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Virtual care expansion moving too slow, says Ontario auditor general


By Shawn Jeffords and Paola Loriggio

TORONTO — Ontario’s expansion of virtual health-care services was too slow leading up to the COVID-19 pandemic, and will need more work to continue in an effective and sustainable manner after the global crisis ends, the province’s auditor general said in a new report.

Bonnie Lysyk examined the province’s progress in implementing remote patient care in one of 13 value-for-money audits included in her annual report released Monday. The report also includes analysis of retirement home oversight, consumer protection in the bereavement sector, the review and implementation of school curricula, and other issues.

Lysyk found the province has been slow to integrate virtual care services with its health-care system, and while the government relaxed its rules around billing for remote care earlier this year to accommodate the surge in demand, that work will need to accelerate after the pandemic.

The auditor found the Ontario Telemedicine Network, which offers remote care, and the Ministry of Health “do not have effective systems and procedures in place to offer virtual care services more long term in a cost-efficient manner to meet Ontarians’ needs,” Lysyk said in a statement.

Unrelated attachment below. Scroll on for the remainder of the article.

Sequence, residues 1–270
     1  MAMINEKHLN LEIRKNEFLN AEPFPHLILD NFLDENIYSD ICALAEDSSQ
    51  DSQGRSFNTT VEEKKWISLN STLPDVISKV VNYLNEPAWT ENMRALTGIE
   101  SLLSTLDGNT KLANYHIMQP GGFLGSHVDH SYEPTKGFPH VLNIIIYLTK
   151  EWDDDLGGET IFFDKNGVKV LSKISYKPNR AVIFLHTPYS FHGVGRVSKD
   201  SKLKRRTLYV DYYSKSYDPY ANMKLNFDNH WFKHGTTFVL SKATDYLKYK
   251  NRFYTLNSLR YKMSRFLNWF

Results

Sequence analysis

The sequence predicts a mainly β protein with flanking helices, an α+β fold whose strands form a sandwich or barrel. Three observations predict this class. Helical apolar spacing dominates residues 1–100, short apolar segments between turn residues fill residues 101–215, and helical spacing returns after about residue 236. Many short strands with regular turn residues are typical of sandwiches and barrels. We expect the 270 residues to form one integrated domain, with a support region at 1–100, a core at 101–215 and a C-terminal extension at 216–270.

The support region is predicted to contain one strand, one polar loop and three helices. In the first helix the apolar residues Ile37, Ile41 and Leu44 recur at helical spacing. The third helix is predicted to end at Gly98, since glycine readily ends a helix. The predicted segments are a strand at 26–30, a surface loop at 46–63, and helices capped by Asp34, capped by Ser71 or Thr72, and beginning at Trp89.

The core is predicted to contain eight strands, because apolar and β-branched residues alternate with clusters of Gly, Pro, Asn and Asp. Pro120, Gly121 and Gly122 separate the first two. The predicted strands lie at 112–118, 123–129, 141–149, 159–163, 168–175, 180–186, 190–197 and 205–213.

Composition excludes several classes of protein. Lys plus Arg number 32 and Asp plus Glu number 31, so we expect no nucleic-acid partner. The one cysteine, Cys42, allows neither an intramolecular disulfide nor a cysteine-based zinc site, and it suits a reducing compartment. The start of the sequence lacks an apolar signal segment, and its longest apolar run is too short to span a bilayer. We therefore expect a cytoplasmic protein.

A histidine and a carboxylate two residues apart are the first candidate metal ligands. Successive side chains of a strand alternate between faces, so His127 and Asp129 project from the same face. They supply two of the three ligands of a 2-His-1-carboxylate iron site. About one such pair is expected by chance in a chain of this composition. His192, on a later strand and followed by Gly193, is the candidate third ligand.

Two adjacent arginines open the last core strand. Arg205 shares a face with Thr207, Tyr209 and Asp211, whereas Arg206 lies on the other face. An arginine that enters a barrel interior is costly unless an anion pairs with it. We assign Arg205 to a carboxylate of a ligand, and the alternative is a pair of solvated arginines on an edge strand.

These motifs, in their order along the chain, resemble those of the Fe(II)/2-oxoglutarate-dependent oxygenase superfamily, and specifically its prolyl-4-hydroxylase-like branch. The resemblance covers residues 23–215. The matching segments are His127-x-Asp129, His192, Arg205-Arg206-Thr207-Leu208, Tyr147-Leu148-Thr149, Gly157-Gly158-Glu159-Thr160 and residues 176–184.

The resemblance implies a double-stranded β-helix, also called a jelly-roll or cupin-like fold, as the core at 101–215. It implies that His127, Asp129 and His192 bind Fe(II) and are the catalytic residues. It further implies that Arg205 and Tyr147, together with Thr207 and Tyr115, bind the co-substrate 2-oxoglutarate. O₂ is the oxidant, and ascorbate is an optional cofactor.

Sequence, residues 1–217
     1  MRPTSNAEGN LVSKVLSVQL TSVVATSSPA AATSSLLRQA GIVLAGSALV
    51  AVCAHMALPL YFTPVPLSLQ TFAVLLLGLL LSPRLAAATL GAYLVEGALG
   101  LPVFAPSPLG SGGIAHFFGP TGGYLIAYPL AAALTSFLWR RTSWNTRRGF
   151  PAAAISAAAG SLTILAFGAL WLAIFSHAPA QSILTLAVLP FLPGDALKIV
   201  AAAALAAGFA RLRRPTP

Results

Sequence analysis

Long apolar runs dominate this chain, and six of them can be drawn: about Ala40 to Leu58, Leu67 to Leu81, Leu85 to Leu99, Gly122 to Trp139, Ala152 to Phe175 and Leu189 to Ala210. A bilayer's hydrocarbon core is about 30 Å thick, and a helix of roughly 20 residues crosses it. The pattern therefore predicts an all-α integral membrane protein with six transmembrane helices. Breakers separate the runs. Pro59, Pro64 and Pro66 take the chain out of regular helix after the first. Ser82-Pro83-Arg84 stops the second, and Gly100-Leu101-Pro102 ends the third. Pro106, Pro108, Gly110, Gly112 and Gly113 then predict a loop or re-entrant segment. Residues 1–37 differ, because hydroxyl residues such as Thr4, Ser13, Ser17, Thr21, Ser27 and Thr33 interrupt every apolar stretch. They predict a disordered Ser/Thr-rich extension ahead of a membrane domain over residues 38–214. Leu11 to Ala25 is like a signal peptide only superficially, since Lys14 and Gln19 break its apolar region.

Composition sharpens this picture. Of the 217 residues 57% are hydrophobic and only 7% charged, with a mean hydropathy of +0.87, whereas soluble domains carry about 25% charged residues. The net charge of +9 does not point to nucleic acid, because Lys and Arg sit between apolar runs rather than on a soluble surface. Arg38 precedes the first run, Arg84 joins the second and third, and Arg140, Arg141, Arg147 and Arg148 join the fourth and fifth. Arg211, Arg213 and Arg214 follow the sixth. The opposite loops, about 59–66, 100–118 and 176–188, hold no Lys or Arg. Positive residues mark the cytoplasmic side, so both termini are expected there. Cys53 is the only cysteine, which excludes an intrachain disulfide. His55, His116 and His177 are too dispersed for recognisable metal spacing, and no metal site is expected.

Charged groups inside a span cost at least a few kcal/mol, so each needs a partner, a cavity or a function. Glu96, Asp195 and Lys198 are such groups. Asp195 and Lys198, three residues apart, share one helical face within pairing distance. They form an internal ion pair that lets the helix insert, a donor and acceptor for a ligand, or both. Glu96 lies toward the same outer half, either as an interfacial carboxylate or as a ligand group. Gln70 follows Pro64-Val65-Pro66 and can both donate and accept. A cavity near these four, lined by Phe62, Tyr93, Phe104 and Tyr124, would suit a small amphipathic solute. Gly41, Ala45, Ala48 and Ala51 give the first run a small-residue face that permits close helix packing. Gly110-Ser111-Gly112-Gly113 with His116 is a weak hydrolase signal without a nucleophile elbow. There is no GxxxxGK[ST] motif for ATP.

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What’s more, she said, the audit found “numerous cases” where physicians had “significantly high” billings for virtual care, including one case where a doctor billed $1.7 million for remote services in 2019-2020 and another $1.9 million for in-person services. That same doctor reported seeing as many as 321 patients virtually in one day, the report said.

Lysyk also raised concerns about the proliferation of private, for-pay virtual care services, saying they have “created risk of unequal access to health care, as well as oversight risk” since they are not under provincial purview.

Retirement homes in spotlight

The report also delves into the management and operation of Ontario’s 770 retirement homes, and found an increasing number of people living in those facilities require a higher level of care that could more suitably be provided in a long-term care facility.

More than 4,000 patients who no longer needed acute care in hospitals were discharged to retirement homes in 2019-2020, the auditor found. “Many of those people had health profiles similar to residents in long-term-care homes,” Lysyk said.

In another audit, her office found that consumers are not adequately protected from high pressure sales tactics when purchasing funeral services in Ontario and are often not provided with key pricing information.

An audit of the Bereavement Authority of Ontario found the agency must do a better job requiring the industry to provide pricing transparency to the public.

Key information such as price lists for funeral services and products are not easily accessible to the public, making it difficult for people to comparison shop at a time when they must make decisions quickly and under emotional duress, Lysyk said.